TOI-3984 A b and TOI-5293 A b: two temperate gas giants transiting mid-M dwarfs in wide binary systems

With a collaborator from Penn State University, we brought our little Nieves Observatory of the Soka University of America into its first published astrophysical paper. The project was to use our 0.3-meter telescope to confirm the detection of an extrasolar planet that was earlier detected by the satellite TESS. The light from the star is dimmed when the planet crosses in front of the star (or transits), and this allows measuring the size of the planet by comparing the radius of the planet with the star’s radius, which is derived from the fractional amount of light blocked during the transit. Our telescope was used remotely from PSU, and the data helps us learn more about the planets in these systems.

The paper was entitled “TOI-3984 A b and TOI-5293 A b: Two Temperate Gas Giants Transiting Mid-M Dwarfs in Wide Binary Systems” and was published in the Astronomical Journal in 2023. The paper confirms the existence of two gas giant exoplanets, TOI-3984 A b and TOI-5293 A b, orbiting M dwarf stars identified by TESS. These planets are notable for their relatively cool temperatures and their presence in wide binary systems, each with a significant stellar companion. The study utilizes a combination of TESS photometry, ground-based observations, speckle imaging, and high-precision radial velocity measurements to characterize the planets. TOI-3984 A b has a mass of approximately 0.14 Jupiter masses and an orbital period of 4.35 days, while TOI-5293 A b has a mass of 0.54 Jupiter masses and an orbital period of 2.93 days. The findings highlight the potential for these systems to provide insights into the formation and migration of gas giants around M dwarfs and their atmospheric compositions.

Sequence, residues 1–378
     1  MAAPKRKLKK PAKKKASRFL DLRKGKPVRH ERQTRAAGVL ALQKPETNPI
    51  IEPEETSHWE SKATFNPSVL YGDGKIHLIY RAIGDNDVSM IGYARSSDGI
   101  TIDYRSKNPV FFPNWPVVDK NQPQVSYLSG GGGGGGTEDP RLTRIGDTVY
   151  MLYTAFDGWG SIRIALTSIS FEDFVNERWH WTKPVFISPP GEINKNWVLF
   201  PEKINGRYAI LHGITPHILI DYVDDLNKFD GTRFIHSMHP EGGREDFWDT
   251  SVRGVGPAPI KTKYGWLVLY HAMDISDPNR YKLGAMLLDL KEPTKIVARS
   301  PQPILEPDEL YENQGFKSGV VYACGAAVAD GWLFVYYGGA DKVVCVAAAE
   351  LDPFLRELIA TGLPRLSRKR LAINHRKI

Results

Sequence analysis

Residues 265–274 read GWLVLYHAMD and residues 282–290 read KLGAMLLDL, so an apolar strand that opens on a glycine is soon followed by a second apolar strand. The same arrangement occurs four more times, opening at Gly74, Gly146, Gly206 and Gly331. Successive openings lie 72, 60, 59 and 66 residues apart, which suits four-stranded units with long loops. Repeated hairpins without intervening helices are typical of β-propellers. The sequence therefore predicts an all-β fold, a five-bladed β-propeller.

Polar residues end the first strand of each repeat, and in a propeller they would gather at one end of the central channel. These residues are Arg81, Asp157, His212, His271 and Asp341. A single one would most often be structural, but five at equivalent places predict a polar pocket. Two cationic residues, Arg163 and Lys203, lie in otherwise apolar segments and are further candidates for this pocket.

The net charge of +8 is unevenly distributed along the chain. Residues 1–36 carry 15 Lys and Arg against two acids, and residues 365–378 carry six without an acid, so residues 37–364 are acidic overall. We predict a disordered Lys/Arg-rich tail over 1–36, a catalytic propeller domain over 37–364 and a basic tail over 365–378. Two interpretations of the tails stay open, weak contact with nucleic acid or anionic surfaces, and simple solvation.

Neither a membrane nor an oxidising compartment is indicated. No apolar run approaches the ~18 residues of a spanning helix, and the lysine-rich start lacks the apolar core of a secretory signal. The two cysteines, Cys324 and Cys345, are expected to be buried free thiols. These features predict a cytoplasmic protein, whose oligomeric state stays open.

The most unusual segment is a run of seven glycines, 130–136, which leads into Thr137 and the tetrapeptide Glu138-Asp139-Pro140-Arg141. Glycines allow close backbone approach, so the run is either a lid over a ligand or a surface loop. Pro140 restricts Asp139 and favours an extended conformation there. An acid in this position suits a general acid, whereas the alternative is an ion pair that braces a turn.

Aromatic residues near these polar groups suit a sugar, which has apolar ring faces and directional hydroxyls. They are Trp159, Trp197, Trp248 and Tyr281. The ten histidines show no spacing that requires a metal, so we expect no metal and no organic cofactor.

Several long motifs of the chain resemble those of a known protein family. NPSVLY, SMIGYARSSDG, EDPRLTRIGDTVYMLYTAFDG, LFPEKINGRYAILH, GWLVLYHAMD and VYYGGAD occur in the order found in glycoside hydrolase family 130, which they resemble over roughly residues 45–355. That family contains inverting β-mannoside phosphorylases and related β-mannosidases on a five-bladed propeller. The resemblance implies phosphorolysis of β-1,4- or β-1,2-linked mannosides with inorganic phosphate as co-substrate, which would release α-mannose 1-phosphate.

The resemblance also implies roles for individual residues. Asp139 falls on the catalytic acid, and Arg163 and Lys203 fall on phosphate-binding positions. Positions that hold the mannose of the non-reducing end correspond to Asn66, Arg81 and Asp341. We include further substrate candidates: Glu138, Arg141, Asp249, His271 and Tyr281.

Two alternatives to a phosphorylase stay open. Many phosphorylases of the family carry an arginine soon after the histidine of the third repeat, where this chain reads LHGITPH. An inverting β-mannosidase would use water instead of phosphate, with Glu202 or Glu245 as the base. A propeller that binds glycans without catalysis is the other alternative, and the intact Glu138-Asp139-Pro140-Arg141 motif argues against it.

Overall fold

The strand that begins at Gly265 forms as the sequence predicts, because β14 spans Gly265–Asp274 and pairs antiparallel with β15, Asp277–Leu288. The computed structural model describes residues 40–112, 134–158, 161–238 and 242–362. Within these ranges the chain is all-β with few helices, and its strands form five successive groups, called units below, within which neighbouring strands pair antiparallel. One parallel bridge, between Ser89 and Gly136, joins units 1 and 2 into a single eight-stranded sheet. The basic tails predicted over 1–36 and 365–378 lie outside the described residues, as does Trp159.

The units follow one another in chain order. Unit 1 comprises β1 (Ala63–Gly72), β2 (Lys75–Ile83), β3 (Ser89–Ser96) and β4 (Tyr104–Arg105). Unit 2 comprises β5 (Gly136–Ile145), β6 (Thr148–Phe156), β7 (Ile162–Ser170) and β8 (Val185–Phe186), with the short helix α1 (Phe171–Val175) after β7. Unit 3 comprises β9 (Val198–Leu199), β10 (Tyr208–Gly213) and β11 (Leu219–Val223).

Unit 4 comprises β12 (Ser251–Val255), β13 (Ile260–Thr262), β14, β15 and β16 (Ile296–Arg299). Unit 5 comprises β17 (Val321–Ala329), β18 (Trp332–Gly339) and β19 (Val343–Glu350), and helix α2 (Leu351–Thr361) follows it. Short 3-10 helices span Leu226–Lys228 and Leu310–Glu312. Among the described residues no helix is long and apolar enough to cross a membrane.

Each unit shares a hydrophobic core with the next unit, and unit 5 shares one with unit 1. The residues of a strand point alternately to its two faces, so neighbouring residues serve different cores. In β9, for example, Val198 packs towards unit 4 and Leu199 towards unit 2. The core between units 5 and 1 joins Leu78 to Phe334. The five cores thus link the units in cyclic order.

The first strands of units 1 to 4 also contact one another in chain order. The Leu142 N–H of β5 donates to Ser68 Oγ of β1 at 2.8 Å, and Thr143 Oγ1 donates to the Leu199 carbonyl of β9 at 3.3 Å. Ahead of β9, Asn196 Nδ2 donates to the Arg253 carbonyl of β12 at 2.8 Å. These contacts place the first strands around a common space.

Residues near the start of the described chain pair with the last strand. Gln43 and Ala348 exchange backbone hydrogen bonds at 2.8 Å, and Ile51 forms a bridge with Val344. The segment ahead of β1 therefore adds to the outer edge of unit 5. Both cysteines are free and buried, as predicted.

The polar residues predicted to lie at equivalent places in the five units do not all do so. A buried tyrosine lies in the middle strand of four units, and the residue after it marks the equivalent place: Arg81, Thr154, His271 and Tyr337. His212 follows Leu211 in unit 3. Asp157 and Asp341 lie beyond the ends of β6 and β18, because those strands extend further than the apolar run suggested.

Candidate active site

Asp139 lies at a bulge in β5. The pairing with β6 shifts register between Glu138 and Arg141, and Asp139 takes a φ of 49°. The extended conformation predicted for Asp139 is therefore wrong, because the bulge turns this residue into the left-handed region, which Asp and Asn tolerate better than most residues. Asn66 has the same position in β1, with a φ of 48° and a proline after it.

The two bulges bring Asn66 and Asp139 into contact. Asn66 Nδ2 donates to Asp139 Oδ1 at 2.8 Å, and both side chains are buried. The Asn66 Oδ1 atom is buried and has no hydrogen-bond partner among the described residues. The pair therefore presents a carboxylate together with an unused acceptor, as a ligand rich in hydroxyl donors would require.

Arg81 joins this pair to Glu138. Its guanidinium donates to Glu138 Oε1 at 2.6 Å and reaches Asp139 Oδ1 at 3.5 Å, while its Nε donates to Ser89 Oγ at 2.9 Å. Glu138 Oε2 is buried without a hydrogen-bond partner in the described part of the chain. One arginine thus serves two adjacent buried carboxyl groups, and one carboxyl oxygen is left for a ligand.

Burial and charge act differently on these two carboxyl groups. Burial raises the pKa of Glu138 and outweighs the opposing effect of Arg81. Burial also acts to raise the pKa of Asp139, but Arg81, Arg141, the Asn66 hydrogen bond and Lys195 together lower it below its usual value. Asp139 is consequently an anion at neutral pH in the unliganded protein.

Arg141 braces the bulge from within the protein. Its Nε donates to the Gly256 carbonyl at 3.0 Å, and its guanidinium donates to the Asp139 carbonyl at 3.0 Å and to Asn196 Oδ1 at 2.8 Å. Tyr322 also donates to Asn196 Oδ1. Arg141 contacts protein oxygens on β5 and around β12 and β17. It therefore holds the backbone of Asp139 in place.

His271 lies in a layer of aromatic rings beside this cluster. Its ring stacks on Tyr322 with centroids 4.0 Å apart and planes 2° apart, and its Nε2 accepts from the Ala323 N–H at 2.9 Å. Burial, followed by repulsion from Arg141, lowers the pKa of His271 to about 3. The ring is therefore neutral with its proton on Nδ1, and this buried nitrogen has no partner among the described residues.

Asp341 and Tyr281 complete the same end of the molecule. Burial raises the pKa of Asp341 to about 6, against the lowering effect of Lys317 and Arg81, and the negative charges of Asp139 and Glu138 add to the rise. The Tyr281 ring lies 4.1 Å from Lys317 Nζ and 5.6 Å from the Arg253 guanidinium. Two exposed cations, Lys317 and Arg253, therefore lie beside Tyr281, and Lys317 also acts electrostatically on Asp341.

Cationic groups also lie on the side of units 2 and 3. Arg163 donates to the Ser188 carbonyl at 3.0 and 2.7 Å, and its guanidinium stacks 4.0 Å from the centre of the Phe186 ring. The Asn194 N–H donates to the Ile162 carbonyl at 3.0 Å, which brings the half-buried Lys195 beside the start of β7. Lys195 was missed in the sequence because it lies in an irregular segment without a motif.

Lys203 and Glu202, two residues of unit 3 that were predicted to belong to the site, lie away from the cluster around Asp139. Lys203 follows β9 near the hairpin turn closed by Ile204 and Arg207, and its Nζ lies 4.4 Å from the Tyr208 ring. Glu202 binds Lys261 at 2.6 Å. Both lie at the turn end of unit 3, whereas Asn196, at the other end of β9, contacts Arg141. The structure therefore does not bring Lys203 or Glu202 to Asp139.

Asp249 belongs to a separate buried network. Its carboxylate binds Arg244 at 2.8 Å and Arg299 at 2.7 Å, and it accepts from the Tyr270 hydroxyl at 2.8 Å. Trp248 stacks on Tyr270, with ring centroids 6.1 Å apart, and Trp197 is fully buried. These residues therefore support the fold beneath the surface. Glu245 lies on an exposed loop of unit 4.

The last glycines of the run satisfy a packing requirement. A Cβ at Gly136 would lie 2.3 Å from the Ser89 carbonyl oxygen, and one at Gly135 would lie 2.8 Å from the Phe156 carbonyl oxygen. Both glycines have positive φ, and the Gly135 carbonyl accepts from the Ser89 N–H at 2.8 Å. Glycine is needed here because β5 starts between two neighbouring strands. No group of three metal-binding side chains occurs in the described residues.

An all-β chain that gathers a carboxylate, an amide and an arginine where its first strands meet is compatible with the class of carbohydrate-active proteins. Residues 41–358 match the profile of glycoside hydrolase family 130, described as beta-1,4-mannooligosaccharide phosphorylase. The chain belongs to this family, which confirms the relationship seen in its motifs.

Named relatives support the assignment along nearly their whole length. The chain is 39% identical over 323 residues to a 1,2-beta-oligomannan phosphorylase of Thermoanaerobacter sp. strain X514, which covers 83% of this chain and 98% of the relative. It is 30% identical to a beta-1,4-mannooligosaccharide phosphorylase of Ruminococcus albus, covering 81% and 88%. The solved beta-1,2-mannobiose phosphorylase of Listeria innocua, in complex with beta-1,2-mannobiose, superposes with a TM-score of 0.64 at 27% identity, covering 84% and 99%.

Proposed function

The light curve from the transit of the exoplanet, as taken with our Nieves Observatory at Soka University of America. the dip in the star’s brightness is caused by the planet transiting in front of the star, and the model (in blue) allows for the calculation of the size of the exoplanet.

This paper contributes significantly to our understanding of exoplanetary systems, particularly in the context of gas giants orbiting M dwarf stars. Traditionally, gas giants have been found around more massive stars, making these findings around M dwarfs relatively rare and valuable for comparative planetology. The study of TOI-3984 A b and TOI-5293 A b offers insights into the diversity of planetary systems and challenges existing models of planet formation and migration, especially in the less massive protoplanetary disks around M dwarfs. Additionally, the characterization of these planets expands our knowledge of temperate gas giants’ atmospheric properties and potential habitability. The methodologies employed in this paper, combining space-based and ground-based observations with high-precision spectroscopy, set a precedent for future studies of similar exoplanetary systems.